Unlike electric wheels, you can’t just crank the motor and power through the clay. It takes training, balance and a deep understanding of how to throw pottery while kicking at the same time. Artistry and athleticism are equally important. 40 pounds is extremely light for a pottery wheel, so there is no momentum to keep the wheel spinning unless it is constantly kicked. You can learn how Joel used meditation and intense physical training to accomplish this epic feat.
The wheel is so lightweight that it must be anchored to a board, held in place by the potter’s body. Downward force makes the potter and the wheel joined in the act of throwing.
Karatsu wheels are rare. It’s tough to buy or find one anywhere. You can learn how they’re made by reading “Body of Clay, Soul of Fire”or finding a local wood worker who might be able to craft a replica. You might even be able to reach out to the St. John’s Pottery directly and respectfully inquire about the process of learning how to use and obtain one of these rare wheels, which were originally brought to the Minnesota area by renowned potter Richard Bresnahan.
This awesome YouTube videoshows an artist crafting an Onggi kick wheel, which is a type of precursor to the Karatsu wheel. Onggi wheels have been used for centuries for larger pottery, generally over three feet tall. There are similarities between the two, but both are hard to find for purchase. Any talented crafts person could design and create a gorgeous, functional Karatsu or Onggi-style kick wheel.
York Kick Wheel
The second wheel used to craft Cherrico Pottery is the York kick wheel, shown below. It’s only about 16 inches tall, made from a cement mold around metal bearings. To raise the wheel to a proper throwing height, Joel crafted a Black Walnut top with White Oak risers, which are secured to the wheel like a pottery bat. The 24 inch height helps improve throwing posture, since older potters commonly struggle with back pain from bending over low wheels for decades.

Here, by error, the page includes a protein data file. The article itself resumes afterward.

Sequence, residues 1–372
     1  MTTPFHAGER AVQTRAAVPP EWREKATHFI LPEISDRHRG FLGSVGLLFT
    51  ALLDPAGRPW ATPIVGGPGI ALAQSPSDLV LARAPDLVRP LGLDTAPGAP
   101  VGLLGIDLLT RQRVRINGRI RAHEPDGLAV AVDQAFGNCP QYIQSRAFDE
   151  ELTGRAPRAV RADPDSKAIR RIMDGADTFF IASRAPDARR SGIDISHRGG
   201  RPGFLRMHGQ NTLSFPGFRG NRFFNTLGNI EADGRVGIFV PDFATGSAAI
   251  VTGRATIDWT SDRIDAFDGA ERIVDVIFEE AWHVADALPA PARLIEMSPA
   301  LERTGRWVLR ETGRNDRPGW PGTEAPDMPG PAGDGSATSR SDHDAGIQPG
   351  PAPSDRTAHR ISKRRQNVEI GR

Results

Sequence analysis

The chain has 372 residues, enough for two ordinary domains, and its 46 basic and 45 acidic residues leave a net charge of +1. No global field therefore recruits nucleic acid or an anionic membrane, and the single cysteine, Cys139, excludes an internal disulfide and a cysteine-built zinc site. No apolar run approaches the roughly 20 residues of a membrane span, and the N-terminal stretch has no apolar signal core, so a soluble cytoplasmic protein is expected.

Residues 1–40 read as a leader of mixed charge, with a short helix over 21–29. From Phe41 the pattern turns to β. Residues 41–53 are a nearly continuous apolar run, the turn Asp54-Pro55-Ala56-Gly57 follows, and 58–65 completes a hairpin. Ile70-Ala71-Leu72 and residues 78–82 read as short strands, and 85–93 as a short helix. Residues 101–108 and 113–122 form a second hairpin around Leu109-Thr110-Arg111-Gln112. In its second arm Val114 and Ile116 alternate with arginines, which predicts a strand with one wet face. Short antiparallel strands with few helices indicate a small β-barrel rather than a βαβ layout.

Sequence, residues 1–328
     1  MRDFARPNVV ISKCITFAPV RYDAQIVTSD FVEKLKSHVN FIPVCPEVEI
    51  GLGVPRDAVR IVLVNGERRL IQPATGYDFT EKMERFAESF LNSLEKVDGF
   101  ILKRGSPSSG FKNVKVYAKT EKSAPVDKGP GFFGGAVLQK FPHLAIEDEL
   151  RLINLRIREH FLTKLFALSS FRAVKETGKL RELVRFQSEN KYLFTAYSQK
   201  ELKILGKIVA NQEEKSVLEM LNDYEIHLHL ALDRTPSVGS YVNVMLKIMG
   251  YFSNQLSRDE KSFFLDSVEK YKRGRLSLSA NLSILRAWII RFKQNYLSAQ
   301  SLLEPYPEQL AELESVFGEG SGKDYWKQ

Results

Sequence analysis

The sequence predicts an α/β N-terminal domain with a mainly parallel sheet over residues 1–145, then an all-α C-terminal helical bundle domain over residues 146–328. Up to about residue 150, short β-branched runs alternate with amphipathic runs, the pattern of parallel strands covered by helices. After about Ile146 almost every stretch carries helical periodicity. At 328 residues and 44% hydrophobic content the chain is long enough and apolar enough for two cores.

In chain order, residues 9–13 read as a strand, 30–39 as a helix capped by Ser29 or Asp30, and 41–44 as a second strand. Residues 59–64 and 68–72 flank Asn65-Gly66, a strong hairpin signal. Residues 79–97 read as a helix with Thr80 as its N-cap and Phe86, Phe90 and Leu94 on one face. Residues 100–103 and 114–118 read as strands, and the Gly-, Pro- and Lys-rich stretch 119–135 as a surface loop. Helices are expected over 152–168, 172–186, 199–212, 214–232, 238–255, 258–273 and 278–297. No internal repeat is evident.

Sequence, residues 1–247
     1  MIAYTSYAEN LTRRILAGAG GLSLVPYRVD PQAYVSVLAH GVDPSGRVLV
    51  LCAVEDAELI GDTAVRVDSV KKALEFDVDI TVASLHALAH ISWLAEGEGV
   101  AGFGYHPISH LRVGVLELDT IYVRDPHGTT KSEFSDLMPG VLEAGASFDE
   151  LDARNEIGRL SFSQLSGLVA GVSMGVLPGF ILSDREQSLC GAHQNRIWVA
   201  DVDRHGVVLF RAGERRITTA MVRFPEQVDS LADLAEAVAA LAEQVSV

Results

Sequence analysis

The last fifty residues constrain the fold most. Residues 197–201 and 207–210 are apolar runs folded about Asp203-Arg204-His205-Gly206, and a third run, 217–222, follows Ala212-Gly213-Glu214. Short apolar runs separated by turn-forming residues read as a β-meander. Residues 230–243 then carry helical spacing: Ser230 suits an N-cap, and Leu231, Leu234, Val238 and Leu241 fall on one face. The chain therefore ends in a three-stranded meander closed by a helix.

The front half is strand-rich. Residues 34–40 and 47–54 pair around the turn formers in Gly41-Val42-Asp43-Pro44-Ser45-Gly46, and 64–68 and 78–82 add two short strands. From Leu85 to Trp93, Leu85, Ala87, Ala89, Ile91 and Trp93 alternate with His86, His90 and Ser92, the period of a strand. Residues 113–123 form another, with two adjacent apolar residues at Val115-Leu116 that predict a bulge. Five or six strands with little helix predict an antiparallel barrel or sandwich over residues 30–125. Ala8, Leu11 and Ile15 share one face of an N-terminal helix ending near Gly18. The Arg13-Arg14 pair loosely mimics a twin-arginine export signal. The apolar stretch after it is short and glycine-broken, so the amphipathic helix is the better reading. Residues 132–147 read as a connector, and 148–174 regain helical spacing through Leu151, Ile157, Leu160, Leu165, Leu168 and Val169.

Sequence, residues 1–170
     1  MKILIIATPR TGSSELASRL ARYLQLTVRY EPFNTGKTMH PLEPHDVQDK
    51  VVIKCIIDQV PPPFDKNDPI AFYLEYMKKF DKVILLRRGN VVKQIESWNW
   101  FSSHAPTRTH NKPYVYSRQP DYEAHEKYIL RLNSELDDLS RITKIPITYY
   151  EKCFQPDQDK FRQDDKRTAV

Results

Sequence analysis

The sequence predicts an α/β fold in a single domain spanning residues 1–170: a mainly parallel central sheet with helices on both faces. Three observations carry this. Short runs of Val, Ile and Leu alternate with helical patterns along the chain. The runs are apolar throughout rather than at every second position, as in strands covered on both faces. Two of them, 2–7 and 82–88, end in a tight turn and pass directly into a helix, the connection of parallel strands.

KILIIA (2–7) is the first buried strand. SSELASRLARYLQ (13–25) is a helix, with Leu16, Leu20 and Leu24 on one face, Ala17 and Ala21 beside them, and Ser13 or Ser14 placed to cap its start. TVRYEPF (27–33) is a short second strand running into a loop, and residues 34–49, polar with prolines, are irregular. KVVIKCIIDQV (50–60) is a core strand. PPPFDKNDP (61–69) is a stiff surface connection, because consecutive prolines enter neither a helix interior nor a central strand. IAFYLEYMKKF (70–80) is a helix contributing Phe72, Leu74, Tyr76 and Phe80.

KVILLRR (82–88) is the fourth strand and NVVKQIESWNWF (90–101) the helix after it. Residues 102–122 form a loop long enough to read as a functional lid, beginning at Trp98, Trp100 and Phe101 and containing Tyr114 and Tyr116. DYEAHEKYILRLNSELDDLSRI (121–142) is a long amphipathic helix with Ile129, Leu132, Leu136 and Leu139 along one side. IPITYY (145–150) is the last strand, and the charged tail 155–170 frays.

The York weighs around 80 pounds, which is twice as much as the 40 pound Karatsu, but it’s actually more portable. It sits on three steel feet, so it does not need to be bolted down. It can be picked up, moved anywhere and taken apart in two pieces. Easy assembly and light weight make it extremely portable, compared to commonly used Lockerbie kick wheels weighing around 300 pounds each.
The York wheel has been great for performing pottery demonstrations all across the Midwest. In 2013, Joel used it up to five times weekly at local farmers’ markets and art festivals (left photo) and he brings it to Duluth Art in Bayfront Park in front of Lake Superior once annually (right photo).
It was created by Roger York in 2008. Joel purchased it from Mr. York during his sophomore year in college, after they spoke on the phone a few times about Mr. York’s career as a potter and his decision to make wheels. The wheel took him four months to craft and he only charged $250. He was 87 years old. Mr. York published the patent online here for free and you might be able to find one on craigslist someday. If you find one available, please email us here: firstname.lastname@example.org. Most people don’t know how to use this wheel and would gladly sell it for cheap. Joel was recently gifted a second York wheel for free, so he can put it to good use.